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#sky130
Title
# sky130
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Darío San Martín Molina

03/02/2022, 12:43 PM
Hi, is it possible AND safe (from the point of view of reliability & lifetime) to drive Sky130 logic standard cells at a relatively high speed such as, for example, 3.8GHz or 4GHz approx? For example, cells like clock buffers such as
sky130_fd_sc_hd__clkbuf_1
,
sky130_fd_sc_hd__clkbuf_2
,
sky130_fd_sc_hd__clkbuf_4
,
sky130_fd_sc_hd__clkbuf_8
,
sky130_fd_sc_hd__clkbuf_16
, cells like inverters and other logic cells like
sky130_fd_sc_hd__inv_1
, __inv2_2, ___inv__4, ___inv__8, ___inv__16, etc... These cells have minimum length devices (0.15um) inside them. Is it safe to run them at something like 3.8GHz or 4GHz (for example from a high speed VCO), or would there be a reliability/lifetime risk due to degradation effects that could break the device due to the high speed switching for long periods of time?
h

Harald Pretl

03/02/2022, 12:57 PM
A simple answer is that switching speed does not "hurt" the MOS-FET, as long as you stay inside a safe operating area. What can degrade a MOS-FET is a high voltage (dielectric breakthrough, hot electrons) and/or high-current (electro-migration). Generally, high temperature accelerates degradation effects. So the main question is: Which voltages do you want to apply? Here is a description of effects: https://skywater-pdk.readthedocs.io/en/main/rules/hv.html#failure-mechanisms-in-high-voltage-devices For the low voltage MOS-FET stay below 1.95V
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Darío San Martín Molina

03/02/2022, 1:04 PM
My circuit operates with VDD=1.8V (typical, maybe up to around 1.98V in high supply corner) and all my devices are currently _01v8 devices. The kind of voltages that appear at the output of my VCO look like this, for VDD=1.8V it spikes a bit above 1.8V as seen below:
Ultimately my question I'm trying to answer is this: is it safe to have 0.15um length devices in my design, under said circumstances? (Meaning that, if my devices are 0.15um in those conditions, should I be worried that my VCO will "break" after something like a week of use?) And therefore, should I make my high speed switching devices larger like for example 2x min_length (so around 0.3um length), which would therefore make my VCO slower and I would have to redesign it and/or increase current to recover the speed, etc?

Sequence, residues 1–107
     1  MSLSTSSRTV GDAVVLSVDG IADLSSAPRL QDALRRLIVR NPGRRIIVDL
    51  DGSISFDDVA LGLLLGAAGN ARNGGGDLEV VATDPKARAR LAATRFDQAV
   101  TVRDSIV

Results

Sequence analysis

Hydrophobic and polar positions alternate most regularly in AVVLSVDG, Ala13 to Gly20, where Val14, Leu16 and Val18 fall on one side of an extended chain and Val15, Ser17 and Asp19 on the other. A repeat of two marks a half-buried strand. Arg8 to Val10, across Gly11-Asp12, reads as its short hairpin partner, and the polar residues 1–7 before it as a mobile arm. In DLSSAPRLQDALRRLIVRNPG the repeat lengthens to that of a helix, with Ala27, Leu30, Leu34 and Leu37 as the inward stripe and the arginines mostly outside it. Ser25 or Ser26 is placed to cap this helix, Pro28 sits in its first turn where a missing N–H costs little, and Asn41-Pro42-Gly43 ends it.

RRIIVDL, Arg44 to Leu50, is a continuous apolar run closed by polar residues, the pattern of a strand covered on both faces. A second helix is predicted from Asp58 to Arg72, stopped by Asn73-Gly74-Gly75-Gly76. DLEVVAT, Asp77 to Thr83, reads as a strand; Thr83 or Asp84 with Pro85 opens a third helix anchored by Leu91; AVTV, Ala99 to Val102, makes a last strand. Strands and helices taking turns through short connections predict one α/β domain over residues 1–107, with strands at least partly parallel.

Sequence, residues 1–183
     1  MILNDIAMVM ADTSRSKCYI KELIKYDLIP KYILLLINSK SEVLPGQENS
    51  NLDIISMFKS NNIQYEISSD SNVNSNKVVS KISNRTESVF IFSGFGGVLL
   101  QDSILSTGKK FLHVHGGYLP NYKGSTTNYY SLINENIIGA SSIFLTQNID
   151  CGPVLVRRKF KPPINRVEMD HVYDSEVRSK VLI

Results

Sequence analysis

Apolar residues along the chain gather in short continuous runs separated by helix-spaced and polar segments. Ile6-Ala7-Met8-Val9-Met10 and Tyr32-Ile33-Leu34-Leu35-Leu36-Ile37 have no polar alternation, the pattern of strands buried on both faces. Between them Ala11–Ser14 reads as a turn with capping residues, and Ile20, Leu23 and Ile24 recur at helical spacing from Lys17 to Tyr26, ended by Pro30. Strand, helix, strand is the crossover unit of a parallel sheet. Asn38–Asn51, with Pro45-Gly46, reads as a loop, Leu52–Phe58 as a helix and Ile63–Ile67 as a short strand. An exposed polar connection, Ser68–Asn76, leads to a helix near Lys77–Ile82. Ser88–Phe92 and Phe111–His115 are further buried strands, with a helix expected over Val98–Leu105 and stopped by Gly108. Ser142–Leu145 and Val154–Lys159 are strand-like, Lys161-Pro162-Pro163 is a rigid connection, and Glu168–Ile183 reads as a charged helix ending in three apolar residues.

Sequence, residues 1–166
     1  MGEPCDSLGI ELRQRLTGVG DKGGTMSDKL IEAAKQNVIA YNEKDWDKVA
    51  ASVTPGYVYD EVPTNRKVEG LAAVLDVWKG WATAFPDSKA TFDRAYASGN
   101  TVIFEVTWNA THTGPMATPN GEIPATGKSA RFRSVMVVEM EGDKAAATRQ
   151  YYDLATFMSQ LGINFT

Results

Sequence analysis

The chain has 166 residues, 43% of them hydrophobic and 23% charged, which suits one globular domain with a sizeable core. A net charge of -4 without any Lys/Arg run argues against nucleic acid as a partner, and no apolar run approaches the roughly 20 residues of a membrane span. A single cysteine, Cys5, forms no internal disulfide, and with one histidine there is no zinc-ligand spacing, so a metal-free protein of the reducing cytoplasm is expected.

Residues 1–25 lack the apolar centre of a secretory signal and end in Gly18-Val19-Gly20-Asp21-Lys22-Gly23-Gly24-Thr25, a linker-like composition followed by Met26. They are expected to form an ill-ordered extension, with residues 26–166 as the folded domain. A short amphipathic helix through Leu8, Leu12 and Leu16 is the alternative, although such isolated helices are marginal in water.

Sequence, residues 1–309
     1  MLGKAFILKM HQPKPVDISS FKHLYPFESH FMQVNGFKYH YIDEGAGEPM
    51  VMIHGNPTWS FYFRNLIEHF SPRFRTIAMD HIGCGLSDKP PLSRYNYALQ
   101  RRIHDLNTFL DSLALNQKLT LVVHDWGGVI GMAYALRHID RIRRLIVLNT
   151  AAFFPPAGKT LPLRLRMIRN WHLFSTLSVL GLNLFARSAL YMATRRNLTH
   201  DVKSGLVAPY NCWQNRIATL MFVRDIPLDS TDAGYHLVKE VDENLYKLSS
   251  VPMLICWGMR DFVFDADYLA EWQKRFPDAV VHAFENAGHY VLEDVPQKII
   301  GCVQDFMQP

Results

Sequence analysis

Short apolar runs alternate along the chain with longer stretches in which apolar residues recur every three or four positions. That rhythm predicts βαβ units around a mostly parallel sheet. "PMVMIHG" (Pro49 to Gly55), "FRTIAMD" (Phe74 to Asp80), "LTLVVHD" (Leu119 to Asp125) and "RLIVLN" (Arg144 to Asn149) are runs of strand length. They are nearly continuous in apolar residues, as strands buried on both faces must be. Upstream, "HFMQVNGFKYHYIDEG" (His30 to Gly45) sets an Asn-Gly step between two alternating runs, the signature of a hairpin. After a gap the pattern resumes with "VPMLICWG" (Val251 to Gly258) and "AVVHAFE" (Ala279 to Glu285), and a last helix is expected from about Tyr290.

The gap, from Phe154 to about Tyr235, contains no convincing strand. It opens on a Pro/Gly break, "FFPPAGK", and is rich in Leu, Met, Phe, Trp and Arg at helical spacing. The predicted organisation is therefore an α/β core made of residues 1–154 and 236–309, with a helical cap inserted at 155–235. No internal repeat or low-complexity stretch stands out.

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Harald Pretl

03/02/2022, 1:13 PM
This looks good. Usually, silicon technology is qualified for a lifetime (usually 10yrs, maybe more), at least consumer temperature profile (-30C..125C), and voltages <1.95V.
No need to increase Lmin. It is quite customary to stress devices in VCOs up to 2xVmax (but this needs an exact reliability calc), as VCO performance increases, and an AC voltage causes less reliability issues than DC.
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Darío San Martín Molina

03/02/2022, 1:22 PM
Thanks for your input Harald. I've heard in some contexts that there is a certain line of thought that tends to recommend making all devices switching at relatively high speeds (the order of magnitude we are talking here) making them all at least 2x Lmin and 2x Wmin, the idea behind this thinking would be that such larger devices would be more resistant to these breakdown effects and hence more resilient against reliability/lifetime issues. As I understand from your previous comment, it sounds like this recommendation may be perhaps a bit too convervative (potentially good for safety, but perhaps a bit too much on the convervative side)?
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Harald Pretl

03/02/2022, 5:10 PM
I think making devices artificially larger than needed is counterproductive, especially for high frequency. If you go to 2L and 2W, you have made the Cgs 4x larger, which means power consumption to drive this cap goes up tremendously, which causes more heating, and heating is bad for reliability, and obviously total power consumption, which is always a concern. So no, as long as you're in a safe operating area you are good, no need to size devices up in my view. If you find literature that shows otherwise I would be interested to study it.
As a general rule: Keep MOS-FET at Lmin as long as no good reason speaks against it. In every CMOS technology, the devices are optimized at Lmin, because that is what the digital uses. And digital pays the bill for technology development :-)
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Darío San Martín Molina

03/02/2022, 5:36 PM
Totally agree. Thanks! 👍👋
Hi Harald may I borrow your wisdom for another related question: What problems would you see with using LVT devices in a Current starved VCO core? (VDD=1.8V nominal) Goal would be to increase frequency of operation even if power consumption goes up. As LVT devices turn on earlier than standard VT ones, delay cells within the VCO switch faster hence faster VCO switching frequency overall. Any fundamental drawback with using LVT devices rather than standard ones? Apart from higher leakage, etc. Thanks
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Harald Pretl

03/03/2022, 10:07 PM
There is no fundamental difference in the MOS-FET with different Vth, just the Vth 🙂 (and Vth is tuned via different channel implant dose, or work function in FinFET). So choose whatever fits your needs, and using the LVT in analog circuits is quite common. Of course, there is the increased Ids leakage current when Vgs=0V, but in a current-starved VCO this does not matter much, since you turn off the block via the current sources, I assume.
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Darío San Martín Molina

03/04/2022, 12:12 PM
Thanks Harald 👍!!!